NASHVILLE, Tenn. (BP)–Giving to the Southern Baptist World Hunger Fund finished last year on an upswing, reported Steve Nelson, director of hunger concerns for the SBC’s Ethics & Religious Liberty Commission.
Receipts for hunger and relief in 1999 increased 2.8 percent over the previous year, Nelson said. “God is working in marvelous ways to prompt Southern Baptists to give selflessly for the Southern Baptist-directed hunger and relief ministries,” he said.
Hunger fund receipts for 1999 were the second highest in SBC history; at $10,732,302, receipts were 60 percent above the giving three years earlier. Nelson said the goal for 2000 is $12.2 million dollars.
“Hunger ministry opens countless doors for sharing the Good News of eternal life through Jesus Christ with those in need physically and spiritually,” Nelson said. “The increased giving reveals that more and more Southern Baptists are gaining a passion for compassion regarding those who are less fortunate and hurting.”
Gifts to the SBC’s World Hunger Fund are used exclusively for ministry within North America and around the world, Nelson explained, noting that nothing is taken from the fund’s proceeds for promotion or administration. Missionaries and churches already in the field utilize the funds. He noted that when giving drops, hunger and relief resources are not available and the opportunity to reach persons in need can be lost.
With help from the World Hunger Fund last year, more than 10,000 professions of faith in the United States alone were recorded that could be tied directly to hunger ministries.
“It is vital that more people adopt the spiritual discipline of gleaning, that is, small gifts given on a regular basis rather than just one time per year,” Nelson said. “This practice will raise Christians’ sensitivity to the needs of those around us while also making us more sensitive to the Holy Spirit.
“God makes clear in his Word that when we fail to care for the destitute, our prayers lack power,” Nelson continued, quoting from Proverbs 21:13. “Whoever stops his ears at the cry of the poor shall also cry himself but shall not be heard.”
While Nelson was grateful for the increase in hunger fund receipts, he expressed his concern that the continued increase in the number of natural disasters around the world coupled with the full implementation of welfare reform in the United States may prompt needs to increase at a faster pace than the gifts.
Nelson said the “BEAT Hunger” youth retreat kit, dime-a-day cards for children, along with the placement of a hunger canister at the checkout area of every LifeWay Christian Store in the nation all have aided in promoting Southern Baptists awareness of the hunger fund. Regular giving to the hunger fund also can be arranged using a direct draft process that debits the donor’s bank account each month at a specified time, he said.
Added information about the World Hunger Fund and related products can be obtained by phoning the Ethics & Religious Liberty Commission at 1-800-475-9127.
Mickey Caison, director of disaster relief ministries for the SBC’s North American Mission Board, declared it “a joy” to see “Southern Baptists respond to the needs around the world through gifts to the World Hunger Fund.”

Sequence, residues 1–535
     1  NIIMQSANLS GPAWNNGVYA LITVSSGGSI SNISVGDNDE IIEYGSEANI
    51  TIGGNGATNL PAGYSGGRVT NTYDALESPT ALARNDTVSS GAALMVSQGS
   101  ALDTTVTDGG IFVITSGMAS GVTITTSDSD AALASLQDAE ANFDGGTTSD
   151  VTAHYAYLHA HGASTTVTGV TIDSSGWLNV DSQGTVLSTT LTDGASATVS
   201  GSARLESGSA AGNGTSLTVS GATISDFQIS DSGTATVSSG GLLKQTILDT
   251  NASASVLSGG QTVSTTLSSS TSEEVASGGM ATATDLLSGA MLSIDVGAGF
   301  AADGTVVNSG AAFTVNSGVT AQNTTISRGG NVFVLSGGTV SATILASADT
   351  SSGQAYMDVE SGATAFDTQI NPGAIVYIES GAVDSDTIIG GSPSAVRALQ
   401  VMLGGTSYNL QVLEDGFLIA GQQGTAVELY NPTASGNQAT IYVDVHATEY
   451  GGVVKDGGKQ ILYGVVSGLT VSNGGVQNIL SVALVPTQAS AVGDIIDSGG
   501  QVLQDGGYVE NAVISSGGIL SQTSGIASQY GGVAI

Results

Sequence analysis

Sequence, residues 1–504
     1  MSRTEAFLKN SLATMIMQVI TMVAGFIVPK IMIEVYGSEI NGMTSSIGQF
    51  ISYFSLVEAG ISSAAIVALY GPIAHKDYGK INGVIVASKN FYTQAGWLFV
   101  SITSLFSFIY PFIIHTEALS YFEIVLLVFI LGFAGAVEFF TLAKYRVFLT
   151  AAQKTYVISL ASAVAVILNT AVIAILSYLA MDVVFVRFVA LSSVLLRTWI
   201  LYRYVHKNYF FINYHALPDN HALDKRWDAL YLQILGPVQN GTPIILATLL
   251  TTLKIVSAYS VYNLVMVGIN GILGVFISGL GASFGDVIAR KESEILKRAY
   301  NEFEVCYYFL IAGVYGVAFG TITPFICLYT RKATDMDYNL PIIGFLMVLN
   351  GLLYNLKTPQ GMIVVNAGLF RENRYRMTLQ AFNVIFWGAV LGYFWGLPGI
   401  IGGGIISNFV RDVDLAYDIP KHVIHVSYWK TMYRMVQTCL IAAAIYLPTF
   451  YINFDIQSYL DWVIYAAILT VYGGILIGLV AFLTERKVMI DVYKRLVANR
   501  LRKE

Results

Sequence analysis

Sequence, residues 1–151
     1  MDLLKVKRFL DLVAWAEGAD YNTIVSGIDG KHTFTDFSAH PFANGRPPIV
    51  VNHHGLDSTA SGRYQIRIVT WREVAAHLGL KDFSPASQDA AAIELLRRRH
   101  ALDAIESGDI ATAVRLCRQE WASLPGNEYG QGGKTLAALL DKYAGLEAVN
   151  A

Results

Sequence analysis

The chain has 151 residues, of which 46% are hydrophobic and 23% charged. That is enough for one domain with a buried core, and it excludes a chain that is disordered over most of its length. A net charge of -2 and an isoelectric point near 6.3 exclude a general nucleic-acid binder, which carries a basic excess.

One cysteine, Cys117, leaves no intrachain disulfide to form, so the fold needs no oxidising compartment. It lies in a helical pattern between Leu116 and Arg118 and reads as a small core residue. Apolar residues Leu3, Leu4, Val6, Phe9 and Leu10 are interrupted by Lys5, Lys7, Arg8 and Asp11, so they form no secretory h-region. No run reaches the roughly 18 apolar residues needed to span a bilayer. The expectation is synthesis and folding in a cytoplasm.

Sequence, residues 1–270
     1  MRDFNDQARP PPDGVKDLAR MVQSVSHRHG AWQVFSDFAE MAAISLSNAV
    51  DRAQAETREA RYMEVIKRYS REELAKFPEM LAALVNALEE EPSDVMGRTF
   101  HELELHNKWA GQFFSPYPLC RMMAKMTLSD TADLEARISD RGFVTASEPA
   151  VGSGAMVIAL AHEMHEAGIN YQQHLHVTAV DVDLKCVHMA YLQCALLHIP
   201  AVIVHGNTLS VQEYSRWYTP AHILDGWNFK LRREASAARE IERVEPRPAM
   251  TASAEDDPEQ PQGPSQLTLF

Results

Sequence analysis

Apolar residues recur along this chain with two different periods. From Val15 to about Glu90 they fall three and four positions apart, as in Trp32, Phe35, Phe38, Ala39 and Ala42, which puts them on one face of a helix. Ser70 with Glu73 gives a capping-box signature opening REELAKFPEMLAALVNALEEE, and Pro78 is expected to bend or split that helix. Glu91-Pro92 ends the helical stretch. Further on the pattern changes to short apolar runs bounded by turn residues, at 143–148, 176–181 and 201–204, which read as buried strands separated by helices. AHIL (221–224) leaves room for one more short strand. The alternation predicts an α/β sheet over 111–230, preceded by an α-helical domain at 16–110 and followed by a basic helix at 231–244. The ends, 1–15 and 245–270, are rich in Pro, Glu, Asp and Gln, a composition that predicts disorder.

“We are seeing lives touched and changed as we share bread and the ‘Bread Of Life’ or water and the ‘Living Water,'” Caison continued, citing the concept of gleaning as a prime contributor to the fund’s 1999 increase.
Jim Brown, human needs consultant for the SBC’s International Mission Board, said increased giving to the World Hunger Fund in 1999 allowed the IMB to minister more effectively to the hunger needs experienced in places such as Kosovo, Taiwan, Turkey, India and east-central Mexico after crises in those areas.
“These same hunger funds also enabled Southern Baptist missionaries to develop and implement over 100 agricultural, water well, educational, nutritional and community development type of projects, all of which help in breaking the cycle of malnutrition,” Brown continued.
While such projects provide platforms from which missionaries share the gospel and plant churches, they also intentionally involve and encourage the area’s churches in their own discipleship as they participate in the ministries, Brown said.
Brown noted that SBC hunger ministries reflect Christ’s command to his followers, outlined in Matthew 22:37-40, both to “love God” and to “love our neighbor.”
Donoso Escobar, of the North American Mission Board’s church and community ministries unit, said giving to hunger and relief ministries is a real-life way of obeying scriptural admonitions to “love our neighbor.”
“The poor remain with us even with welfare reform,” Escobar said. “While millions of Americans make their way from welfare to work, we cannot simply abandon them at this critical time.
“Many of these individuals are working for minimum wage, thus creating a growing multitude of working poor who are still unable to provide life’s basic needs,” he continued. “This provides Southern Baptists with a tremendous opportunity to demonstrate the love of Christ as we seek to tell others of his saving power while caring for their family.”
Bruce Munns, director of store operations for LifeWay Christian Stores, said, “We’re excited about promoting the SBC World Hunger Fund through our LifeWay Christian Stores nationwide. Our customers and employees have been most gracious putting coins, dollars and checks in the collection canisters at the front of our stores. Where else can you give to such great need and know 100 percent of your gift goes to help those who are hurting?”